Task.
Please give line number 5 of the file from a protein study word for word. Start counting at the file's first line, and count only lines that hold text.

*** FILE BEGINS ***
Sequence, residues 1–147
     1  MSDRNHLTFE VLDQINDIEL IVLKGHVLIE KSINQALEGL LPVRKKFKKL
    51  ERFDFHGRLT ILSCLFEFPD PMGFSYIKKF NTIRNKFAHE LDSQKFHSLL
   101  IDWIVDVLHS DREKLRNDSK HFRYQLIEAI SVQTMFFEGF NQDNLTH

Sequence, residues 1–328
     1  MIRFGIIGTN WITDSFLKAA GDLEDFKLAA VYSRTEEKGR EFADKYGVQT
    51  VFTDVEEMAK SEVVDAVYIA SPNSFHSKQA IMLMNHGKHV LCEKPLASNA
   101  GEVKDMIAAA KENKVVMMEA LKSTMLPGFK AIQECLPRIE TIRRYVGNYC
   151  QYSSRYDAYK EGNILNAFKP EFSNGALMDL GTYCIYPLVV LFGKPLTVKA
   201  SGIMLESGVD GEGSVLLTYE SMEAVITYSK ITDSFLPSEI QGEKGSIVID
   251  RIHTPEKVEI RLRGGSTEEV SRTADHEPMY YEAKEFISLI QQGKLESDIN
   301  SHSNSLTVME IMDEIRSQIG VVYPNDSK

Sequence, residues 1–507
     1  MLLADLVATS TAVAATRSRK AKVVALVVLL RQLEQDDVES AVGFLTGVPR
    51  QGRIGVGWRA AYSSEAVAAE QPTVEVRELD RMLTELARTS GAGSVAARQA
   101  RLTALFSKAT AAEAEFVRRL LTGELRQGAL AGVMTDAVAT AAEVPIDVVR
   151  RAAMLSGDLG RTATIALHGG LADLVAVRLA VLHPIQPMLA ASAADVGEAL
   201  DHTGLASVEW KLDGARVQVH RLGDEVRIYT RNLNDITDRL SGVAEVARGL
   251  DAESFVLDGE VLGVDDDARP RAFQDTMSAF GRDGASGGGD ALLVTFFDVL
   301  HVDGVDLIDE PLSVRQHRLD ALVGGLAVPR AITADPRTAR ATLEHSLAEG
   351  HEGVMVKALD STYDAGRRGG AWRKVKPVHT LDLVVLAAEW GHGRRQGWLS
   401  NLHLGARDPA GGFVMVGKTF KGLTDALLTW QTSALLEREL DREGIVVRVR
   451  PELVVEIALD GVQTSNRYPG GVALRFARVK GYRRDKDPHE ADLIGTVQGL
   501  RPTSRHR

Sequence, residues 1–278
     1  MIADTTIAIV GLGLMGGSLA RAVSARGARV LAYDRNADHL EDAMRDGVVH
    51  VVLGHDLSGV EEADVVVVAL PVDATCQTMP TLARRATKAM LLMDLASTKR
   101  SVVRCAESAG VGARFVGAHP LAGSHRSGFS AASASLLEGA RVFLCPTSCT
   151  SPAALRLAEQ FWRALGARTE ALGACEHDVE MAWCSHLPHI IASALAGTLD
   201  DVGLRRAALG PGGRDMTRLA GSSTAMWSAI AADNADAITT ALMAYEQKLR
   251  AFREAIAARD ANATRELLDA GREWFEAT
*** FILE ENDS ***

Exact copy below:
Sequence, residues 1–328